It should also not be forgotten that the estimation contains many unknown elements and is made on the basis of incomplete data. For this reason, the predictions of even a very experienced Scrum Team can sometimes be very different from the real effort needed to complete a User Story.

Relative estimation techniques

What are the most effective estimation techniques in Scrum? There is no one-size-fits-all method that works for each team.

Among the estimation techniques within agile methodologies, the most common are:

  • Planning Poker. This most popular relative method takes a card game to calculate the amount of work to complete a task. It’s detailed rules and process we’ll cover in a separate article.
  • Team Estimation Game. This one involves assigning execution of User Stories in a given Sprint with appropriate numerical values selected from the Fibonacci sequence. We have also devoted a separate article for it too.

Scrum, on the other hand, rejects the classic Absolute Estimation way of the traditional project management methodology. The way it estimates tasks is by defining in advance the person-months, duration, and cost of the whole project. This is a long process, difficult to implement, and requires the participation of experts who tend to establish the rationale and the code of conduct, but take no action who will not necessarily perform the tasks whose value they estimated. In other words, it is not only tedious but also highly inefficient.

Estimation and Story Points in Scrum

Story Points and Estimation- Summary

Estimation is a very important skill that characterizes all mature Scrum Teams. Estimating the amount of time and effort required to complete individual tasks became the main focus of many relative estimation techniques such as Planning Poker or Team Estimation Game.

User Stories with Story Points is yet another efficient measuring technique we described, hopefully providing our readers with some handy tools. However, it is important to keep in mind that their figures relate only to the particular tasks performed by Scrum Team. Therefore, the number of Story Points cannot become the foundation for comparing the speed of different Development Teams.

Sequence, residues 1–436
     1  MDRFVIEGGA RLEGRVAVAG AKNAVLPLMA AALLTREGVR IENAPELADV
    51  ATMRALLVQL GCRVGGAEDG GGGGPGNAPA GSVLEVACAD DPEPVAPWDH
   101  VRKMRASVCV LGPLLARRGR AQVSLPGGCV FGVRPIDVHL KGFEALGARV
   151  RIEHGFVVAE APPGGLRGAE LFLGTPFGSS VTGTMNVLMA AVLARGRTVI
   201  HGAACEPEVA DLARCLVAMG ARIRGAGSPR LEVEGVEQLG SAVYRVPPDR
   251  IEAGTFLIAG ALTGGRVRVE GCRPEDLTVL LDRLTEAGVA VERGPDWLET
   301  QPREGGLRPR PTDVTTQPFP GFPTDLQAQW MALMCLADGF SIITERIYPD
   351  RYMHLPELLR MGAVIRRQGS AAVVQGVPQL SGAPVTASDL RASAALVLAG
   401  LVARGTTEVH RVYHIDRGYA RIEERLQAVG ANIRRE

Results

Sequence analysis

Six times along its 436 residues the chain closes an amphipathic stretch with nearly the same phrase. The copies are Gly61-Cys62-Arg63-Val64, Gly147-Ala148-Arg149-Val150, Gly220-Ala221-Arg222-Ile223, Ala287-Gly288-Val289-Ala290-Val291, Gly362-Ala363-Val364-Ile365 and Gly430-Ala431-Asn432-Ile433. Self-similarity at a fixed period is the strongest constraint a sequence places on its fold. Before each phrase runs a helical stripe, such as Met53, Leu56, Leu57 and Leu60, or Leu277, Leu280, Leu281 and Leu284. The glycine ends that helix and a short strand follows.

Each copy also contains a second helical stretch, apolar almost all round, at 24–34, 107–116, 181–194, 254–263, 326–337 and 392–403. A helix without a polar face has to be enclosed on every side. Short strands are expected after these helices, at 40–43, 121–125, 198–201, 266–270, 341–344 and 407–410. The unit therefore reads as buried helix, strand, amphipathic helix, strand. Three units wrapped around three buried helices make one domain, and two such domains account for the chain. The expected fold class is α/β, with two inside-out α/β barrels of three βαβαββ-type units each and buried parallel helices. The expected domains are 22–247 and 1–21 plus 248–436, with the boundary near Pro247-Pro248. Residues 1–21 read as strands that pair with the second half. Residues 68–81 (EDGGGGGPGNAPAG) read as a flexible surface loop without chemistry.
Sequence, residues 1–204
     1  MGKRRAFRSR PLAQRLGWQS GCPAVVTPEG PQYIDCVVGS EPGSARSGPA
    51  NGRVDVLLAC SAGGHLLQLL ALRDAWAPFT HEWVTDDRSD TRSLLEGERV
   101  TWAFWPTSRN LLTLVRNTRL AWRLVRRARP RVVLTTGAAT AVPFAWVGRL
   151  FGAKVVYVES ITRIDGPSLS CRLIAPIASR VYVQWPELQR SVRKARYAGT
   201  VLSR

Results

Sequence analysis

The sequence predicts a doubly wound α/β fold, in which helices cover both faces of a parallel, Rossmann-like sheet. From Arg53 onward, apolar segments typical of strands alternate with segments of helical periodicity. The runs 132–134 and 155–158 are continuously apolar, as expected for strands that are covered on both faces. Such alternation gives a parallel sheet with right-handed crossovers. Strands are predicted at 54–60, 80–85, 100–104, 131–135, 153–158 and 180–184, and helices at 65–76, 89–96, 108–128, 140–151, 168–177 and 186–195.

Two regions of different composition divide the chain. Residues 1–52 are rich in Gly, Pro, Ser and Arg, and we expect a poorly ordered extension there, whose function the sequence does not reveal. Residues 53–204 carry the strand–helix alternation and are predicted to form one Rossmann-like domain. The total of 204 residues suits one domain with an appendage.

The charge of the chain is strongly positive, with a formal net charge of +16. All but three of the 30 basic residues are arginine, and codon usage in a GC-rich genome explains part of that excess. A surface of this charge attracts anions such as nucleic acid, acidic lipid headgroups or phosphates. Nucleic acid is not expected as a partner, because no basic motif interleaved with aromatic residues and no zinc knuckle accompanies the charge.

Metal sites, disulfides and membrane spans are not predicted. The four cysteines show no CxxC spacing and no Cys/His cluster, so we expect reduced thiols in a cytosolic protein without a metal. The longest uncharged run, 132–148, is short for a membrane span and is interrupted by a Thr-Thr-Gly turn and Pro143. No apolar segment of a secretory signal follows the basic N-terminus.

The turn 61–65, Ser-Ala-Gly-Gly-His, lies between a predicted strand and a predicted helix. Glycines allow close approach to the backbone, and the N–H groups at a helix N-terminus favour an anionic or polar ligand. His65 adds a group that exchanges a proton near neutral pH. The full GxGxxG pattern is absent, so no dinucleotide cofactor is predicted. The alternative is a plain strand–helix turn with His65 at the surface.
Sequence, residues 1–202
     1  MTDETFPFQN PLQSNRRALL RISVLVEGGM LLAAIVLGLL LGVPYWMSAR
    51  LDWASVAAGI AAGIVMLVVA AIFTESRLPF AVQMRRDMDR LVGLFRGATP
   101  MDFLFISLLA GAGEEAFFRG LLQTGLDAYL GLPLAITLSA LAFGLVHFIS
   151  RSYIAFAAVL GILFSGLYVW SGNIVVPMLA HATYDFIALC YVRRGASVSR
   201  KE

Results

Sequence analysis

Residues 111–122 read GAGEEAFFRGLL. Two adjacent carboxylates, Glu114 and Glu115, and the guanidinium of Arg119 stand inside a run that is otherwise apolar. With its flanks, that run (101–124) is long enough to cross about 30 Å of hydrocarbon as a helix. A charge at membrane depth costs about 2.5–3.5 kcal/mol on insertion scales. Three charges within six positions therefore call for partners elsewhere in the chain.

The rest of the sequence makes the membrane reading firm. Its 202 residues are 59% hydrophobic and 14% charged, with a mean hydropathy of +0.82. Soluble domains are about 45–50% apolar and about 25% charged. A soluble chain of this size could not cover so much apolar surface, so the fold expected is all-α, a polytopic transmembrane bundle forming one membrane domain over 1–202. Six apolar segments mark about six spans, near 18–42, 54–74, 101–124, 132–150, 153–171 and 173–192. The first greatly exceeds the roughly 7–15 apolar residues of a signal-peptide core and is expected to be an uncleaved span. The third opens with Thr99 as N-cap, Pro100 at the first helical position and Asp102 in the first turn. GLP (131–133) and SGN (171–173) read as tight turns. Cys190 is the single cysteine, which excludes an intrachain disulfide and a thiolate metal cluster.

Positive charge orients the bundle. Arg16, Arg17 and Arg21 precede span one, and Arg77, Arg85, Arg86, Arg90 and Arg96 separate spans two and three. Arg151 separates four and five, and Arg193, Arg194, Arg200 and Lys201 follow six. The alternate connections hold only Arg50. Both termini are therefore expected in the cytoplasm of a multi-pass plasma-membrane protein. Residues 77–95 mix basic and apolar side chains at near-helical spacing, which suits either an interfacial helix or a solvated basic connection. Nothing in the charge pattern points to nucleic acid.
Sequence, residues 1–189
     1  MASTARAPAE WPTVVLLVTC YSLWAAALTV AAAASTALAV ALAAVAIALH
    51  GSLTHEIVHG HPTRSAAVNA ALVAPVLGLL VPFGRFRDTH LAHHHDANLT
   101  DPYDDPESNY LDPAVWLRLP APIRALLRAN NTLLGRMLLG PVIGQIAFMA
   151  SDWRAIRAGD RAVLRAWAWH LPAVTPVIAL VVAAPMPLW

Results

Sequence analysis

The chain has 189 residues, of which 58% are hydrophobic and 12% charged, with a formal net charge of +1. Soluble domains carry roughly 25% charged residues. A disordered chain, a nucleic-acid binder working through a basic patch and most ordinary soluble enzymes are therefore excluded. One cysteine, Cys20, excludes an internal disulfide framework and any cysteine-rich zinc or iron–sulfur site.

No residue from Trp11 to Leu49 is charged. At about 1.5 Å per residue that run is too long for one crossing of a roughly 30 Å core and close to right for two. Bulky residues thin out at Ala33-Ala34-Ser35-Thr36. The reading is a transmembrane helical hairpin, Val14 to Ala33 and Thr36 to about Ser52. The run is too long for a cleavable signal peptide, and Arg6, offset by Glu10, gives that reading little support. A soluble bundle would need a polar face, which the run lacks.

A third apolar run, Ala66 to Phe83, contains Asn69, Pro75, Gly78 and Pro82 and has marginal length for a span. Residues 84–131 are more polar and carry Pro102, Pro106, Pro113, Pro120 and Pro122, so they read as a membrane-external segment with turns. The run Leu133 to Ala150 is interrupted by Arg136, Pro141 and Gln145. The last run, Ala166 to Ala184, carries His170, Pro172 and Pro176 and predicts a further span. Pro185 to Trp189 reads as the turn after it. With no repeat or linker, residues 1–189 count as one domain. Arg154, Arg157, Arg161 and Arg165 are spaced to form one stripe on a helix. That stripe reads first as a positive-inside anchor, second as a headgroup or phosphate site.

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Scrum Guide | 23. Story Points and Estimation in Scrum caroline becker avatar 1background

Author: Caroline Becker

As a Project Manager, Caroline is an expert in finding new methods to design the best workflows and optimize processes. Her organizational skills and ability to work under time pressure make her the best person to turn complicated projects into reality.

Scrum Guide:

  1. Glossary of basic terms, roles and notions
  2. What is Scrum?
  3. Scrum values
  4. How to implement Scrum in your company?
  5. Scrum Team - what is it and how does it work?
  6. Who is a Product Owner?
  7. The most common mistakes of Product Owner
  8. Who is the Scrum Master?
  9. Characteristics of a good Scrum Master
  10. The most common mistakes of Scrum Master
  11. What statistics and metrics should the Scrum Master track?
  12. Cooperation between Product Owner and Scrum Master
  13. Development Team in Scrum
  14. The most common mistakes of Developers
  15. Scrum artifacts
  16. Scaling Scrum
  17. Sprint Backlog
  18. What is the Product Backlog?
  19. What are User Stories?
  20. Creating the best User Story with INVEST
  21. The most common User Story mistakes
  22. User Story Acceptance Criteria
  23. Estimation and Story Points in Scrum
  24. Planning Poker
  25. Team Estimation Game
  26. Defining Increment
  27. Scrum events
  28. What is Sprint in Scrum?
  29. Scrum Team Commitments - Product Goal, Sprint Goal and Definition of Completion
  30. What is a Burndown Chart?
  31. How to create and interpret a burndown chart?
  32. Advantages and disadvantages of the burndown chart
  33. Kanban boards in Scrum and Scrumban